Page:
Australian miners that own assets in North Korea have become embroiled in the Panama Papers scandal, which have brought to light possible collusion in breaking UN sanctions.
David Henty Sutton and Louis Schurmann have been linked, via their business interests in North Korea, to North Korean firm National Resources and Development Corporation (NRDC) which is reportedly an alias for a business exporting North Korea’s weapons,according to the ABC.
The two are part of Pacific Century Rare Earth Minerals, which is a joint venture between NRDC and SRE Minerals, which are operating on the Jongju rare earths ‘mega-deposit’ in the country, as previously reported in Australian Mining.
North Korea has been increasing its focus on its mining sector in the last decade, with Dr. Ben Habib, a professor of international relations at La Trobe University telling Australian Mining “North Korea is coming up, and since 2009 we’ve seen a spike in the country’s income from natural resources, according to data from the Bank of Korea”.
“The resources sector has been the first legitimate sector of the economy to take off in the Songun (North Korea’s military first policy) era,” Habib said.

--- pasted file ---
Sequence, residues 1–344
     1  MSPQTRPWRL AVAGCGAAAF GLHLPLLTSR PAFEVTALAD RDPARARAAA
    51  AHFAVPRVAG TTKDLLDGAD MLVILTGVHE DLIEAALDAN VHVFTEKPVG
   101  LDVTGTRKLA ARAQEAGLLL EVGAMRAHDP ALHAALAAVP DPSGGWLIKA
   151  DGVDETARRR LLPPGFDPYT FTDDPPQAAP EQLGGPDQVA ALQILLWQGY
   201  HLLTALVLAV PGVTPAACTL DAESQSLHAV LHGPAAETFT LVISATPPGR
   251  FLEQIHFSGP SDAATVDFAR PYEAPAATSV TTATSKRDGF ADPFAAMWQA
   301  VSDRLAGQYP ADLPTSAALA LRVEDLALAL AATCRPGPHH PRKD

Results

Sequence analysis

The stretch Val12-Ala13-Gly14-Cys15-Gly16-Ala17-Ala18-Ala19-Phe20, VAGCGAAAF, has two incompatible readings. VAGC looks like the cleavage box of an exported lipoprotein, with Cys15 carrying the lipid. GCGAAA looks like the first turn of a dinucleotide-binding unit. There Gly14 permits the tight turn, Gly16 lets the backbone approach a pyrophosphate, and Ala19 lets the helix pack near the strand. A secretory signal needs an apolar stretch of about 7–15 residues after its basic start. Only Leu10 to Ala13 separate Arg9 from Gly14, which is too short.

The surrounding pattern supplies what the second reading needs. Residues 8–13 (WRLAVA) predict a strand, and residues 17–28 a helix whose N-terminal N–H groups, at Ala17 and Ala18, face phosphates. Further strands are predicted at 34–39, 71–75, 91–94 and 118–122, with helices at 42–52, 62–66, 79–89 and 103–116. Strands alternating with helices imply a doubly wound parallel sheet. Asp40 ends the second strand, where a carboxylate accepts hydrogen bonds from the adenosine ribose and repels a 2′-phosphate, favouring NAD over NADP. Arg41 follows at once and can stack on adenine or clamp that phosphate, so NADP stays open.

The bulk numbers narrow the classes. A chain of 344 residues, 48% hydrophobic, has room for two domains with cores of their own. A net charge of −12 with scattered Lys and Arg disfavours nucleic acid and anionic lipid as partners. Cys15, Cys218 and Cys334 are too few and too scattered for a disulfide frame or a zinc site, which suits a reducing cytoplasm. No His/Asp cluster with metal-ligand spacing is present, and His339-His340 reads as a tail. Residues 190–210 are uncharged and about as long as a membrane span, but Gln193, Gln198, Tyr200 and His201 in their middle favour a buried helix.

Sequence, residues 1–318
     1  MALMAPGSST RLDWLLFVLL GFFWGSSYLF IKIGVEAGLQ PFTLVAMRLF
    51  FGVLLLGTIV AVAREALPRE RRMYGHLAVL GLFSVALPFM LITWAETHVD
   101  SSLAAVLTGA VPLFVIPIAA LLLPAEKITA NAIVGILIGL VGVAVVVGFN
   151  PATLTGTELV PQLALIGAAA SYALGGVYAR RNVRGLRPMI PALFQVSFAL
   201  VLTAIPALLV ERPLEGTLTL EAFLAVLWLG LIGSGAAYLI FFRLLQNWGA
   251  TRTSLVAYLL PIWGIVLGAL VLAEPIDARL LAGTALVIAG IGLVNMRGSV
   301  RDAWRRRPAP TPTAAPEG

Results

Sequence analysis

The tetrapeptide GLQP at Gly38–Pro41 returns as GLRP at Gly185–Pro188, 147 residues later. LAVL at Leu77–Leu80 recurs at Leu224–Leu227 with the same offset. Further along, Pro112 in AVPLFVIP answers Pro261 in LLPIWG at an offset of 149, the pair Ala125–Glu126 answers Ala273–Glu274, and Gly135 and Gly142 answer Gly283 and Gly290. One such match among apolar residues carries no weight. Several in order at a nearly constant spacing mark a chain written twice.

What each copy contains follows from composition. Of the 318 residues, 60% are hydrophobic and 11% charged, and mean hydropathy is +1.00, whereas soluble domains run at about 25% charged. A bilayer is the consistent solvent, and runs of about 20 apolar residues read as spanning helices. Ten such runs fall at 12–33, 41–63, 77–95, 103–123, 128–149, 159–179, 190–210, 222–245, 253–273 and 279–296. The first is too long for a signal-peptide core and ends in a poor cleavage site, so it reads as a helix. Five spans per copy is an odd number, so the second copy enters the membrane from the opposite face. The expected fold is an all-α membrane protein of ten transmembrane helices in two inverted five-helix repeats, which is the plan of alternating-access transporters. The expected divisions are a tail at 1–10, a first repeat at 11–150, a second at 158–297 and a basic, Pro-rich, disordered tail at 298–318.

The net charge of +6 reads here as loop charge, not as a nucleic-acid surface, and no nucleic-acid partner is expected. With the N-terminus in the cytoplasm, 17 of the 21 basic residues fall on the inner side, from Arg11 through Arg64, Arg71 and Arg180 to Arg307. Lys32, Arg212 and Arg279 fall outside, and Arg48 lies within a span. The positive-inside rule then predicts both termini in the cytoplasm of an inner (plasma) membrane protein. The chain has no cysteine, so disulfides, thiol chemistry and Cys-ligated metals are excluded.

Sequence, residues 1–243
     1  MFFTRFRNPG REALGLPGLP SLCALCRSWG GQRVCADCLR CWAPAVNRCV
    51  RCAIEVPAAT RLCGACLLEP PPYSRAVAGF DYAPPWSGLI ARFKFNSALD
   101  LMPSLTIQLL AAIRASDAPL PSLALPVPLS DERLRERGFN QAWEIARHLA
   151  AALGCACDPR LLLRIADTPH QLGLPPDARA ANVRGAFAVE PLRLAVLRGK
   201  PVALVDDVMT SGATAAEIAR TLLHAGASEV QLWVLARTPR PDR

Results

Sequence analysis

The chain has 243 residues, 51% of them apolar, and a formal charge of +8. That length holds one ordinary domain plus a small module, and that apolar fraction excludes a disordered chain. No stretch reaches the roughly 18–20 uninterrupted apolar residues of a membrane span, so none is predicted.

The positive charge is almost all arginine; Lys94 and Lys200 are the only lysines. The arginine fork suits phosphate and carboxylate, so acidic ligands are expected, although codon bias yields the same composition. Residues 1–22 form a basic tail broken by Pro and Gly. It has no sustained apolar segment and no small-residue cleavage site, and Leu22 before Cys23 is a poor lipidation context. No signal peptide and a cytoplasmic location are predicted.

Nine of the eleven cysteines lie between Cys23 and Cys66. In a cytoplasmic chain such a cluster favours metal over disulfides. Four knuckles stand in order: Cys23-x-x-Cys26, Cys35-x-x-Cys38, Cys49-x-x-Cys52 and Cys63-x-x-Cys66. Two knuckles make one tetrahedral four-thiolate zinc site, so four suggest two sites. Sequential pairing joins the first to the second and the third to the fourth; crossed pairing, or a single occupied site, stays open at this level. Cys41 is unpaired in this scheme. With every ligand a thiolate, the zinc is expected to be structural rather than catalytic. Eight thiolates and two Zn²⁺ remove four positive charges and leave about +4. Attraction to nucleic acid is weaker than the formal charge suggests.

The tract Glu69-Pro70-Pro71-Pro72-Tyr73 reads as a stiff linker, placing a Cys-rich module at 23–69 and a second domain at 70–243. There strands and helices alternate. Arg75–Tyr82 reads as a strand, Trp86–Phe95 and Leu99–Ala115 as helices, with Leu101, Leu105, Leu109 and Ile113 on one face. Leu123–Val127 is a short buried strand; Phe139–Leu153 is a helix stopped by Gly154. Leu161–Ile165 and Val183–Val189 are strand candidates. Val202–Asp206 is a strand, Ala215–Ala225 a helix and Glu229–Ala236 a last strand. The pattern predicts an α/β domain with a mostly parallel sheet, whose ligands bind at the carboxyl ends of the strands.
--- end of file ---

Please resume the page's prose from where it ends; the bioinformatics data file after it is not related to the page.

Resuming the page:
Mining presents a unique opportunity to stimulate North Korea’s economy.
Unlike many of the economic avenues the nation has travelled down – drugs, arms, statues, and outsourcing its own citizens as a cheap labour force – tourism and mining are legally providing a development path supposedly unaffected by the existing UN sanctions.
According to Pacific Century Rare Earth Minerals, “It is a common misconception that mining in countries which are the subject of UN sanctions is prohibited, [however] nothing could be further from the truth; the UN sanctions with regards to the DPRK are targeted to prohibit the development of specific military technology and weapons.”
Habib explained that the country is using mining as an open channel, outside of UN sanctions, as a course for growth.
However new information from the recently leaked Panama Papers is highlighting the link between Schurmann and Sutton and the NRDC, also known as the Korea Natural Resources Trading company, in illegal banking practices , suggesting the two are complicit in breaching UN sanctions relating to mining agreements.
The ABC reports that the shell companies the mining agreements were originally made with AAT and EHG (which later became Bunuru Corporation) on the Kumwha polymetallic deposits were used to by North Korea to leapfrog UN regulators and allow it to operate financially in the international banking system.
It is as yet unknown whether similar practices were used in the operation of the Jongju deposit.
Speaking previously to Schurmann, he outlined the apparent ease of operating in the country, stating, “The legal environment (i.e. agreements) is to the point and in English; their mining laws and associated acts and regulations are basic but efficient and practical.”
“My work and my involvement in any part of the world is apolitical…I do not get involved in any politics and will not even have an opinion.